A recent experiment involving 1,700 university students demonstrated that over half clicked through targeted malicious emails. The results weren't much better for malicious Facebook messages, even though the vast majority of the participants claimed they understood the risks associated with clicking links from unknown sources. As students head back to school or leave for college for the first time, the threats they face via email, social media, and on their ubiquitous mobile devices are more than just experiments - they are all too real.
In fact, not only do we regularly observe seasonal upticks in credential phishing related to learning management systems in August and September, but we see a wide variety of threats that span email, social media, and mobile apps of which college students must be particularly aware. Read on to learn the five things to do to ensure internet cyber security for students as they return to school.
Beware of Credential Phishing
Credential phishing is a common practice among cyber attackers looking to gain access to banking sites, corporate networks, and other resources. For university students, learning management systems (LMSs) are a particularly common target. While cyber criminals use a number of techniques to steal login credentials for these systems, most craft a fake login page and embed the URL for this page in a phishing email. When users enter their credentials in the fraudulent login page, the credentials are sent to the attackers who use them to access the LMS, obtain additional personal information about the users, or access other services for which students might use the same credentials. After supplying their credentials to the fake page, students are frequently redirected to the real LMS login page so that it appears they simply logged in incorrectly. The image below shows a fake login page for one particular service that uses stolen branding and imagery to trick students.
A fake login page using stolen branding to trick users into entering their login credentials
Credential phishing isn't limited to learning management systems. Other university-sanctioned communication and collaboration systems like Outlook Web Access and Google Apps are also frequent targets, as are banking sites in which students may be setting up their first accounts.
While universities can introduce some internet safety for student students with email protection and sophisticated email gateways and intelligent firewalls, most schools leave student systems fairly open. The onus thus falls on students to carefully evaluate emails and messages asking for credentials. In most cases, learning management, banking, and other systems will not legitimately request login credentials via email, instead opting for user-initiated actions.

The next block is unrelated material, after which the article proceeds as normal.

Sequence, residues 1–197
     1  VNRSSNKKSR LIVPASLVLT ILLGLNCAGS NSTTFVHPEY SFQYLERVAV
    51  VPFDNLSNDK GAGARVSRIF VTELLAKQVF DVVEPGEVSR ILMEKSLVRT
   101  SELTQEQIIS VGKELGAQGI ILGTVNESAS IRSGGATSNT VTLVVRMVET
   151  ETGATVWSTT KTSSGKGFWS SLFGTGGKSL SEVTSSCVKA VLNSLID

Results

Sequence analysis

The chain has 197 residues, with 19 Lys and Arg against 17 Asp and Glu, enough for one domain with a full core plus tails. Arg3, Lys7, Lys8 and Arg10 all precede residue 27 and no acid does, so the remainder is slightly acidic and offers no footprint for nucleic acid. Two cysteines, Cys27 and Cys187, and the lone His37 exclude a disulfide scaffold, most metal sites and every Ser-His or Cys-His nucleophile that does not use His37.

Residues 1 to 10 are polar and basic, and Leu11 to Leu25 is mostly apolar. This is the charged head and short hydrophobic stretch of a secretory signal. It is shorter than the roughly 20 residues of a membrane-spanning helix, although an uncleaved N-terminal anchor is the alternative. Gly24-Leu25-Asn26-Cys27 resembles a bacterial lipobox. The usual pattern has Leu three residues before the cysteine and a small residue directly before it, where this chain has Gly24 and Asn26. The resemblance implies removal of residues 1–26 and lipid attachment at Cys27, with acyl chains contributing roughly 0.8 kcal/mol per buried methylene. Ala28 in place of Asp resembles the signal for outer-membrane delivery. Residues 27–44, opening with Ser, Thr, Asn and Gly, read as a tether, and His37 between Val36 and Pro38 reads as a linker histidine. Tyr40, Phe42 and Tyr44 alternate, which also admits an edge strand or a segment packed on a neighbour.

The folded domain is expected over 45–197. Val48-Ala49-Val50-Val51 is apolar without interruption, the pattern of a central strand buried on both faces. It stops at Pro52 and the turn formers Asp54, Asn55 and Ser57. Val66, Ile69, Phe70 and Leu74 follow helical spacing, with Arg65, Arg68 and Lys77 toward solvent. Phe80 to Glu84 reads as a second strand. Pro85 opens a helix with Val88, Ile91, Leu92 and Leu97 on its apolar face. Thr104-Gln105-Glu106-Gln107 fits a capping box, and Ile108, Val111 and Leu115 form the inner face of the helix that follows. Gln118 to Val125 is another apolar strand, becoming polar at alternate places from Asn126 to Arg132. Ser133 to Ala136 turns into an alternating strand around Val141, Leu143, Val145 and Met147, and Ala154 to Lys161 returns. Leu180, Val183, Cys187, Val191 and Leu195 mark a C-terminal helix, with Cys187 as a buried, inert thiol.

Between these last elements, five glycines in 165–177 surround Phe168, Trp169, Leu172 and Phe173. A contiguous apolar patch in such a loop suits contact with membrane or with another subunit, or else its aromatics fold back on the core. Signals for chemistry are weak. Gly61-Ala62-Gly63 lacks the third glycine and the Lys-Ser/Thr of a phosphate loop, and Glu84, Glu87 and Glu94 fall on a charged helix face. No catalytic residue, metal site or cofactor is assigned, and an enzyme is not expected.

Remember That Malware, Especially Ransomware, is Everywhere
Imagine pulling an all-nighter to finish a term paper then taking a moment to open an email, only to have a malicious attachment install ransomware on your computer, encrypting the term paper and the rest of your work from the semester. And then being asked to pay hundreds or thousands of dollars to get the documents -- as well as the rest of your document and media files -- back. This is a fairly common story with ransomware and college students are often poorly equipped to maintain regular backups or pay increasingly sizable ransoms. Proofpoint’s Second Quarter Threat Summary shows that ransomware is among the most pervasive malware varieties, reaching students via email, social media, and compromised websites – so-called "drive-by downloads" that install malicious software on computers without the user's knowledge as soon as they navigate to the site. At the same time, malvertising drives users to these compromised sites by the millions via ads on Facebook and popular websites with the promise of the latest kitten videos or the top-five ways to ace the next exam.
As with credential phishing, the openness of most student networks means that students are responsible to avoid compromised sites, avoid interacting with emails from unknown senders, and ignore the temptations of clickbait ads. Installing adblocking add-ons for web browsers, keeping antivirus software up to date, and regularly updating productivity and operating system software on their computers all add layers of protection against a range of threats.
Understand That Social Media Have Become Major Targets for Attackers
While we traditionally associate phishing attacks and malicious macros with delivery via email, cyber criminals have turned to social media now as well to distribute malware, phish for personal information, and impersonate or defame brands. For most college students, social media is a primary form of communication and the first place they turn for information. However, we regularly observe fraudulent accounts associated with major brands: for example, we recently reported that 167 fraudulent accounts relate just to Pokemon GO, many of which linked to malware or phishing sites.